Abigail, For Now
Story & Graphic by Mia Fuller – News Editor
This week the LSN theatre department is partnering with LSN’s counseling team to bring awareness to mental health through various posters throughout the school. This will all culminate with the spring play: Abigail, For Now. The play is set to premiere this weekend with shows on Friday and Saturday at 7 p.m. and an afternoon show at 2 p.m. this Sunday. Abigail, For Now tells the story of a girl who is sent to a mental hospital and the aftermath that comes with it. This play is a bit different than the past shows William Palmer, director, has helped put on with LSN.
“It has been a while since I directed a play that was realistic in style. It meant working with actors to make sure they were listening to one another and honestly reacting in the environment,” Palmer said.
The play originally stood out to Palmer due to its examination of mental health and the human connection.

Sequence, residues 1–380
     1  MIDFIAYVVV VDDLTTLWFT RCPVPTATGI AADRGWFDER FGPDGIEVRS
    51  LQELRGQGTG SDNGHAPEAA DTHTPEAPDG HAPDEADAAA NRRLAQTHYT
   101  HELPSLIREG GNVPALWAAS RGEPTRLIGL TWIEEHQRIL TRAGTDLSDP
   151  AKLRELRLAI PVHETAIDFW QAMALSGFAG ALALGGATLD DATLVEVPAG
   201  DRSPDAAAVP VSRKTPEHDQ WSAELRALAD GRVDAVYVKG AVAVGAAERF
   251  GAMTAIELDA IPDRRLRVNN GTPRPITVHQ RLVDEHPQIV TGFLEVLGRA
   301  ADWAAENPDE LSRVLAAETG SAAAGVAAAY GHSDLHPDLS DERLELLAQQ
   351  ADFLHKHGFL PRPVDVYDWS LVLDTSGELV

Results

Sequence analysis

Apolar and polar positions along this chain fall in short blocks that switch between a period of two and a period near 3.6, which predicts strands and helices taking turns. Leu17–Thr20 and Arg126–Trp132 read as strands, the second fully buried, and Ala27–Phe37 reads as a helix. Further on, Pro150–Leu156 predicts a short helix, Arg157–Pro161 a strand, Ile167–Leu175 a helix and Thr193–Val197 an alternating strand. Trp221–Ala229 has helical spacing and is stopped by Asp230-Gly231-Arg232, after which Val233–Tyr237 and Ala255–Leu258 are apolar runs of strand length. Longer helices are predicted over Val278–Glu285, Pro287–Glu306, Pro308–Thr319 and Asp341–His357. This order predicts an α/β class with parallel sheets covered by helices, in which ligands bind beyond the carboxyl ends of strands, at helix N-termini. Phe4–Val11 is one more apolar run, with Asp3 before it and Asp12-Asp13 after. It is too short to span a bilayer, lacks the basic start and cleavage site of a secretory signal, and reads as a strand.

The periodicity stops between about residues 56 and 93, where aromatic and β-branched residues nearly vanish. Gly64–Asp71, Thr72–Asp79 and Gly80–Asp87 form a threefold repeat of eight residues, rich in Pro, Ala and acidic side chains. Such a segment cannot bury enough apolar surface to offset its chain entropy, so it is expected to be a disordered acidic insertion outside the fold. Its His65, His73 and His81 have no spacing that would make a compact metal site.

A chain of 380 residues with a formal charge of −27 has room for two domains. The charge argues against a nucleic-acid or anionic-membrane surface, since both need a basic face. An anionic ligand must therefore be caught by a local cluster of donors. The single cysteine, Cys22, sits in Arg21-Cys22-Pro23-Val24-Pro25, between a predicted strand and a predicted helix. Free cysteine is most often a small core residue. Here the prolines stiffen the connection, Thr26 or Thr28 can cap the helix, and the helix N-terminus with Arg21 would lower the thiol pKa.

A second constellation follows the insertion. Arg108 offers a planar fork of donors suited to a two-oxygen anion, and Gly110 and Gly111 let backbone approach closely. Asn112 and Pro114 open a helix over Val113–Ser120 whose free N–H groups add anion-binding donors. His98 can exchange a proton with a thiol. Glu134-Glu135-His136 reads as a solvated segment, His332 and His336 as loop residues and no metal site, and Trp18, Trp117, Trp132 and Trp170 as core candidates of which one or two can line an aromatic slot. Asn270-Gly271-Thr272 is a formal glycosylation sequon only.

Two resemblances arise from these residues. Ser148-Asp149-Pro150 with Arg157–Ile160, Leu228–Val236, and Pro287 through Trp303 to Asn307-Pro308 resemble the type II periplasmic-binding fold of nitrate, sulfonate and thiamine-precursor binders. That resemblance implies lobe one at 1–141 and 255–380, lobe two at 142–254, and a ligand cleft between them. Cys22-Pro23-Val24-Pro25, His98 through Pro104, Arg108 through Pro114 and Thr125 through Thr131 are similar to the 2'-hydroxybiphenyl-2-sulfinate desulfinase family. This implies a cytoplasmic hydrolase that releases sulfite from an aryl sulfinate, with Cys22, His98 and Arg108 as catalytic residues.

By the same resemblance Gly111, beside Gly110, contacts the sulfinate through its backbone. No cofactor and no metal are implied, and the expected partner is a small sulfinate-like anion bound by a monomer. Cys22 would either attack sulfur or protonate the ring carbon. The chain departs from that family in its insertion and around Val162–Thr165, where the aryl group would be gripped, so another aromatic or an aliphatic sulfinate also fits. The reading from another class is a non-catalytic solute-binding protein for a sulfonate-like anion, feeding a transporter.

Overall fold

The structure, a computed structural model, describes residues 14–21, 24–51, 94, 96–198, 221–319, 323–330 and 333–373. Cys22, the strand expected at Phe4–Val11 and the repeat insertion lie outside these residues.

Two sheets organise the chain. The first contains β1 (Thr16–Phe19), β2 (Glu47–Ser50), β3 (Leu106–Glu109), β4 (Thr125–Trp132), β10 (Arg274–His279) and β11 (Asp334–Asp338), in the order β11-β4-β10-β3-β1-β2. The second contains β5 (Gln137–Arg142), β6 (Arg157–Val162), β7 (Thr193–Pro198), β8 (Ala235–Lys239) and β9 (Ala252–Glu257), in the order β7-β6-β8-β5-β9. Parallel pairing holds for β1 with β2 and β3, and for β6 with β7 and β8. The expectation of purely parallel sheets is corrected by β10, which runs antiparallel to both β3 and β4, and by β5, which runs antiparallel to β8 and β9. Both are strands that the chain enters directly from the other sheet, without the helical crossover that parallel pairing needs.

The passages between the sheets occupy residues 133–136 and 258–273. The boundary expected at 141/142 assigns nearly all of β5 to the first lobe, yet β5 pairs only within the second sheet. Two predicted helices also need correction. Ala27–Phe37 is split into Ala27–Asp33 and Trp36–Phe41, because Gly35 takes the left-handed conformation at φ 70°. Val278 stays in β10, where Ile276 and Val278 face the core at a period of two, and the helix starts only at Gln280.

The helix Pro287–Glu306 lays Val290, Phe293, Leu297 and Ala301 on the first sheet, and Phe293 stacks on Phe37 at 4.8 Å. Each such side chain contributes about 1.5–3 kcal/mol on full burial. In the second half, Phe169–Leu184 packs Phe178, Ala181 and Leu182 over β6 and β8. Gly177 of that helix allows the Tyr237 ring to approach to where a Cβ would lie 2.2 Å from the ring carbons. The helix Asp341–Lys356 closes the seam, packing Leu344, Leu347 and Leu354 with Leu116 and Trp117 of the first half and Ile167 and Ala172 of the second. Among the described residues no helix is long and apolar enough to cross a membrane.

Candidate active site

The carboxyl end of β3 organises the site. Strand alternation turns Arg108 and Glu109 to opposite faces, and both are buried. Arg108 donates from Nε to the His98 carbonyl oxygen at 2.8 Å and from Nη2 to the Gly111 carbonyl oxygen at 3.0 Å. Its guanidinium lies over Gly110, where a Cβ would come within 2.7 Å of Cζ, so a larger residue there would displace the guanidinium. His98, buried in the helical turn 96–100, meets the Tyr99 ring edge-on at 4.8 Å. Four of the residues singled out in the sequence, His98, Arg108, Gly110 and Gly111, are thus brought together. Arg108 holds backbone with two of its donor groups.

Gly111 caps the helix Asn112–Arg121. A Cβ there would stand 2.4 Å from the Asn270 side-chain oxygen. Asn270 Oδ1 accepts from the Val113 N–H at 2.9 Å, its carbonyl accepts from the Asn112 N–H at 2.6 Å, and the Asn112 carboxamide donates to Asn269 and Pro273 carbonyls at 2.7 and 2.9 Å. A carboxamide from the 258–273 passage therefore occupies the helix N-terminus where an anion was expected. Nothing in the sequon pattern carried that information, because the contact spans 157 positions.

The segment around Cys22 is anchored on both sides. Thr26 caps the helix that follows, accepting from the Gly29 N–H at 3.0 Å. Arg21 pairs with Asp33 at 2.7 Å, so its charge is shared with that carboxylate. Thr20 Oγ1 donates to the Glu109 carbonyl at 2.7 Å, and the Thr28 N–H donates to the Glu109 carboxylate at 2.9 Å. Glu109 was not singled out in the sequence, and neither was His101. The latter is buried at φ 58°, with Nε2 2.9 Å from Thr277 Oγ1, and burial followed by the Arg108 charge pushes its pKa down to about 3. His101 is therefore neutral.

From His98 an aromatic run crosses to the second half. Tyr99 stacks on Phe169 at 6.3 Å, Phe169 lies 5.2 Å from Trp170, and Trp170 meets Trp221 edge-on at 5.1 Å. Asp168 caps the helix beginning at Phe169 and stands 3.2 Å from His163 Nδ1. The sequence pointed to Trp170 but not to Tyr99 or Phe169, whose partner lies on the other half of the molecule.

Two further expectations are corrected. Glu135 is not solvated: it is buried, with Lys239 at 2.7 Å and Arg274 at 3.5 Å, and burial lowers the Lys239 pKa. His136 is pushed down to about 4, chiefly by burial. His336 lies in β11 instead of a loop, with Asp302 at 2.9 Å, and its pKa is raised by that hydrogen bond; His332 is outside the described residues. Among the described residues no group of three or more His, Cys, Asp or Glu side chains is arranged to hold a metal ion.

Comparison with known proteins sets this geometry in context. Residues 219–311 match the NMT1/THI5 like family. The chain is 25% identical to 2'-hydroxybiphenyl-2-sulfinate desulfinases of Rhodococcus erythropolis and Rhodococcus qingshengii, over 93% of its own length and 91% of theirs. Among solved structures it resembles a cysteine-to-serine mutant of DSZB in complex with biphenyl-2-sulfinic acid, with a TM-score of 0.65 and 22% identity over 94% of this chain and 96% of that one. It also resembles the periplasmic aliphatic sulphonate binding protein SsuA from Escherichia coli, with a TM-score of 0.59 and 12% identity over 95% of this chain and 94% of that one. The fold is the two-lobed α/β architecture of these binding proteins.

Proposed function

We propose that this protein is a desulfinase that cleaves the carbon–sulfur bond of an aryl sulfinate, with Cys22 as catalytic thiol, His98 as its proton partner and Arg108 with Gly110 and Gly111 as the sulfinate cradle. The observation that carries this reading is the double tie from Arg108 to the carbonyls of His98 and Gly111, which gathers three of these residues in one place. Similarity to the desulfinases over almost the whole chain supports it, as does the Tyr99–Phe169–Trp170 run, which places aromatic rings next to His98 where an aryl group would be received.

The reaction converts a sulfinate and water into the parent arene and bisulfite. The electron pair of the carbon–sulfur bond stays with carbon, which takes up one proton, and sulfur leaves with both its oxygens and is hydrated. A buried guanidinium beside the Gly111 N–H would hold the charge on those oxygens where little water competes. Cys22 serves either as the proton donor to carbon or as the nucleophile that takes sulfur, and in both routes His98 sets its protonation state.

“I chose Abigail as I was looking for a contemporary play that would allow us an opportunity to explore advocacy and activism through theatre. Abigail stood out for its themes of mental health and human connection,” Palmer said.
Palmer hopes people will see the show because at its core it is a play about connection and will make people think about the feelings and conversations that Abigail, For Now stirs up.
On the other side of the stage is actor, Rae Hammond, who is a senior here at LSN. Hammond has been involved with the theatre department for years, but this semester’s play is a bit different for them.
“Abigail, For Now has been different from other plays for me personally because I was always behind the stage working with the costumes. Now I’m the one wearing them! Being a part of the cast presents many challenges and exciting moments, and I’ve greatly enjoyed the process,” Hammond said.
Hammond believes that people should come to the show because it gives students a chance to learn more about mental health.
“I’ve certainly learned about mental health and about my own through this show, and I think everyone else can learn something too!” Hammond said.
Both Palmer and Hammond hope when people come to see the show this weekend and walk away thinking more about mental health and what lots of people deal with under the surface of their everyday lives.